The Zahiri <i>Madhhab</i> (3rd/9th-10th/16th Century): A Textualist Theory of Islamic Law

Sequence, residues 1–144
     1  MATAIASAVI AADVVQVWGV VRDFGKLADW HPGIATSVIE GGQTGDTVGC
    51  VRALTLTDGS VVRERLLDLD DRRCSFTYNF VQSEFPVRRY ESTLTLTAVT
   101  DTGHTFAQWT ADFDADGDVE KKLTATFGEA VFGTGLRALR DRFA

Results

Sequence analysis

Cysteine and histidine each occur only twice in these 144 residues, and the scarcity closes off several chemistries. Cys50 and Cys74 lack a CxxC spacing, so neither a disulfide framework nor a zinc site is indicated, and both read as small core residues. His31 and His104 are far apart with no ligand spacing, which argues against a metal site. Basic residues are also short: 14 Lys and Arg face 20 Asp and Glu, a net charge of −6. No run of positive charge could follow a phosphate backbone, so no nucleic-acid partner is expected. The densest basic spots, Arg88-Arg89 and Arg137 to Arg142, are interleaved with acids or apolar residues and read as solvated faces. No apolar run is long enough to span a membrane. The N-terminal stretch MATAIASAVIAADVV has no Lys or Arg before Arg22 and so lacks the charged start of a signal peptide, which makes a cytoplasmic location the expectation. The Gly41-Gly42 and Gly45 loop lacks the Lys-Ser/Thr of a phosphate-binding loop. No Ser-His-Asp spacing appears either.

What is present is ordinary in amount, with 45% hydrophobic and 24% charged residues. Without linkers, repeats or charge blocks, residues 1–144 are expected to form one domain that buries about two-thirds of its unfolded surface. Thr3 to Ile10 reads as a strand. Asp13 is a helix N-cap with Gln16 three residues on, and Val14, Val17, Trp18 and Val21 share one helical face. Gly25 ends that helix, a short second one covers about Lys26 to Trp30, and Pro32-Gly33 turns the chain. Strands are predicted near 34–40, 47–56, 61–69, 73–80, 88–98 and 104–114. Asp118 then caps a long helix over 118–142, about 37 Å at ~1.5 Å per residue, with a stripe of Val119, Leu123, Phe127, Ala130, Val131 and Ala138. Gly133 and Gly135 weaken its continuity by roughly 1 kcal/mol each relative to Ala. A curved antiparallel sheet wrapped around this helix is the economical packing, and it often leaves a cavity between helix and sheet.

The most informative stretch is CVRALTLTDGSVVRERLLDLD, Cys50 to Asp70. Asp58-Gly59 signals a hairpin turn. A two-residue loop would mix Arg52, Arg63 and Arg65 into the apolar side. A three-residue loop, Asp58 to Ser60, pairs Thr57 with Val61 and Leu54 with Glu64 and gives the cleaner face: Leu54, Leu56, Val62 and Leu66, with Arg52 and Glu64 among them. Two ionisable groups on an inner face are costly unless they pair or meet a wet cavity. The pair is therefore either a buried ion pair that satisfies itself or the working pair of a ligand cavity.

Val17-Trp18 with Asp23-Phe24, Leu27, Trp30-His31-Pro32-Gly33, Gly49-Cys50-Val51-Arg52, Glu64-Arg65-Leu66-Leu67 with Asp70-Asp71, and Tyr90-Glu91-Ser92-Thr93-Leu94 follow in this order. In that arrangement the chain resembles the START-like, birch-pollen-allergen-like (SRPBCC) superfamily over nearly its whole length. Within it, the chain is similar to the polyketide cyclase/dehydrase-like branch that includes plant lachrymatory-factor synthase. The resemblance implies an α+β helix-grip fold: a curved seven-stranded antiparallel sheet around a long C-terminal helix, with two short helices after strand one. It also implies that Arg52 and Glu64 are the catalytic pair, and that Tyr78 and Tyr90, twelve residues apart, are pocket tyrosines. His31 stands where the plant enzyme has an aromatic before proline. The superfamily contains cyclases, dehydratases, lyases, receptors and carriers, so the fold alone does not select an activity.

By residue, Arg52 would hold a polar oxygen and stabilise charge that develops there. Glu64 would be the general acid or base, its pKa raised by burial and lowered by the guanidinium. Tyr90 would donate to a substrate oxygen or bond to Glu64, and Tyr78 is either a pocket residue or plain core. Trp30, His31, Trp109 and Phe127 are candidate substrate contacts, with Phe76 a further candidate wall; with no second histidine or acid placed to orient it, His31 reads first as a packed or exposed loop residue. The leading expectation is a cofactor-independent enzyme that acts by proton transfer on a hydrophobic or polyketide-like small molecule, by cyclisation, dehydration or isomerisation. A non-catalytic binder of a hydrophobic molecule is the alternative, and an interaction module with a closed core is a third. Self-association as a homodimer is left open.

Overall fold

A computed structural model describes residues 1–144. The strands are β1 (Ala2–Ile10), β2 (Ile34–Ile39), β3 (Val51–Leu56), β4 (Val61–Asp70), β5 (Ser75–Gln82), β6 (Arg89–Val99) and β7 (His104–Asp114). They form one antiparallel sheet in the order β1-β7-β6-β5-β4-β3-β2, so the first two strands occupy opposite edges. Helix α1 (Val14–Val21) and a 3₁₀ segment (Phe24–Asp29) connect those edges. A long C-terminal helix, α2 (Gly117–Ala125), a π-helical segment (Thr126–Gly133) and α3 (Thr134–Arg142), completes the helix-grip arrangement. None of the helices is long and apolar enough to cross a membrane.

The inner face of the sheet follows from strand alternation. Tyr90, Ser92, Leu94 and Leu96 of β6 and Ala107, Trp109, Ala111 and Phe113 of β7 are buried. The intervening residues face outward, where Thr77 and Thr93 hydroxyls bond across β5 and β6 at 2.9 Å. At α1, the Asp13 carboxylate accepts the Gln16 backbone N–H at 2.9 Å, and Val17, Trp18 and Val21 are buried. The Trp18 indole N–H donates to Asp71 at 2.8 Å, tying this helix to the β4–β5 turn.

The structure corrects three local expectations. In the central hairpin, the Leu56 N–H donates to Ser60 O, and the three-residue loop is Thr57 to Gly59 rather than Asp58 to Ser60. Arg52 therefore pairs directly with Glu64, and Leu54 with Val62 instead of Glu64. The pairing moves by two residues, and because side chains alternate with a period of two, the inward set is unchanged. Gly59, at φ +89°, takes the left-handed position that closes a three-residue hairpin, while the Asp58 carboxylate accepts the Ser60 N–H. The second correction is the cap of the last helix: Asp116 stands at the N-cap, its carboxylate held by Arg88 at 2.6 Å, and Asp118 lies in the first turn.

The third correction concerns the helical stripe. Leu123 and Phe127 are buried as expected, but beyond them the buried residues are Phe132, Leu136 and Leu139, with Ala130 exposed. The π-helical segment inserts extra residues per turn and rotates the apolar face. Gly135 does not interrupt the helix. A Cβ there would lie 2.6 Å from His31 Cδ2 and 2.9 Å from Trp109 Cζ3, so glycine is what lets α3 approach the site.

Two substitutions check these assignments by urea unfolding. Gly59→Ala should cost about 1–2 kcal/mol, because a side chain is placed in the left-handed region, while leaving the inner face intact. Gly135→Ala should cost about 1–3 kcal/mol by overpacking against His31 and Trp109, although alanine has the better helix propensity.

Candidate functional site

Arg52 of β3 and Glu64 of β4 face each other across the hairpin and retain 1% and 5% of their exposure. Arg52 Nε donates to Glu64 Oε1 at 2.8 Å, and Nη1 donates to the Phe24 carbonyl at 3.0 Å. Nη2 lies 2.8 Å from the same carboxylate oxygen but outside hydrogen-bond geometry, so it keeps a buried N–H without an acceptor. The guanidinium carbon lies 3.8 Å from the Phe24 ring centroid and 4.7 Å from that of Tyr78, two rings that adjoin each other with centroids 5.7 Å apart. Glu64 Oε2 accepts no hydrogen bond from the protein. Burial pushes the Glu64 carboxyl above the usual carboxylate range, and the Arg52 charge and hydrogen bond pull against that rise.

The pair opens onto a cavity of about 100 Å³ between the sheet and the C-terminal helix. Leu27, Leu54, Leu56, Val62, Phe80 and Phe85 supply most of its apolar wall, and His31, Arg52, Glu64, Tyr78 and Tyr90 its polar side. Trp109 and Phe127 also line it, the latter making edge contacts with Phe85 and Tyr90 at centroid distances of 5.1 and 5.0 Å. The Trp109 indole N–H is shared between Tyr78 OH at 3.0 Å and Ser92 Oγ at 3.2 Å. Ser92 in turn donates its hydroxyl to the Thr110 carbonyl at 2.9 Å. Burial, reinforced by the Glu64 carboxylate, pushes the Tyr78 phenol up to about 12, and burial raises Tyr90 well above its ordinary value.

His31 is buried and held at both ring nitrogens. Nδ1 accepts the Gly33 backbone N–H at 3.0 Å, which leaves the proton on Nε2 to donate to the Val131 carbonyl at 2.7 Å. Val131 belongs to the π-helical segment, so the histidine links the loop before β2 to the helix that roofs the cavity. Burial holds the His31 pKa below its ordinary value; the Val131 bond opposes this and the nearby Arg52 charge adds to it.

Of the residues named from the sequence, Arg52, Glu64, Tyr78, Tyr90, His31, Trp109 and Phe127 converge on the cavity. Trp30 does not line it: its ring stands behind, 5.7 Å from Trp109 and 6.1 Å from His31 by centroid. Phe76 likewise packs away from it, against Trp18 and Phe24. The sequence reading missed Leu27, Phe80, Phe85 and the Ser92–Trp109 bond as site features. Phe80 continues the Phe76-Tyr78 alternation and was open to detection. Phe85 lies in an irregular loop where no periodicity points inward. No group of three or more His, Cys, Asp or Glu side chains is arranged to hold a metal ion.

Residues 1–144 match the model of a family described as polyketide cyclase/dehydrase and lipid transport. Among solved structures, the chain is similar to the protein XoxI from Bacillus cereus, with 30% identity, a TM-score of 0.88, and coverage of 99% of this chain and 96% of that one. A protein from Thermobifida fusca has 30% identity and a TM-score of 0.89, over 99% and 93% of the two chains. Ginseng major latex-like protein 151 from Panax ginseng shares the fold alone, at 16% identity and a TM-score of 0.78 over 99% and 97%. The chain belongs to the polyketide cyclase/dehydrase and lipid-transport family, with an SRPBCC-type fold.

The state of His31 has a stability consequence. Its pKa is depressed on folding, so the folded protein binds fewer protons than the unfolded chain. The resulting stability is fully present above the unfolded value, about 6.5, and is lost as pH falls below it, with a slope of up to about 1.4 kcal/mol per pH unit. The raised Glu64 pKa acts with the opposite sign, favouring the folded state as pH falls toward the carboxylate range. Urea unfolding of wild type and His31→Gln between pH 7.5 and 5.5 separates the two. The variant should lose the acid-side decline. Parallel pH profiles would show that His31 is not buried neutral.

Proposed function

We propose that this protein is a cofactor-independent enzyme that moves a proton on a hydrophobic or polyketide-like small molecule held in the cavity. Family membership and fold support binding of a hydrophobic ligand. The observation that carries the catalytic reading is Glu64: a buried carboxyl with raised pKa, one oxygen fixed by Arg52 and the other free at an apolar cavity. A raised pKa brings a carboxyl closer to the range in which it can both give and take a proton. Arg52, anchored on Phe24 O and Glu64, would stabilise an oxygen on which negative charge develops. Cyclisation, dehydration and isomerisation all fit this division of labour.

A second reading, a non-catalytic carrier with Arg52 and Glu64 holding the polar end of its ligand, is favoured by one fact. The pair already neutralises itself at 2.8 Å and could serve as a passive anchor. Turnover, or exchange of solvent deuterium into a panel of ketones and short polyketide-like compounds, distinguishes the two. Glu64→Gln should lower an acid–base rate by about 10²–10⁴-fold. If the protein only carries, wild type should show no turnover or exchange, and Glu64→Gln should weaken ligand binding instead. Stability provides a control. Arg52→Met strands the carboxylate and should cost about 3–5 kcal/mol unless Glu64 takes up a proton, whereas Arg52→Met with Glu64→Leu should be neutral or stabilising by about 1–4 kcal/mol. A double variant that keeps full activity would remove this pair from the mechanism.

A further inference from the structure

In this book, Amr Osman seeks to expand and re-interpret what we know about the history and doctrine of the Zahiri madhhab. Based on an extensive prosopographical survey, he concludes that the founder, Dawud al-Zahiri, was closer in profile and doctrine to the Ahl al-Ra'y than to the Ahl al-Hadith. Furthermore, Ibn Hazm al-Andalusi may have had a damaging effect on the madhhab, which never actually developed into a full-fledged school of law. By examining the meaning of `zahir' and modern scholarship on `literalism', he challenges the view that Zahirism was literalist, proposing `textualism' as an accurate reflection of its premises, methodology, and goals as a hermeneutical and legal theory.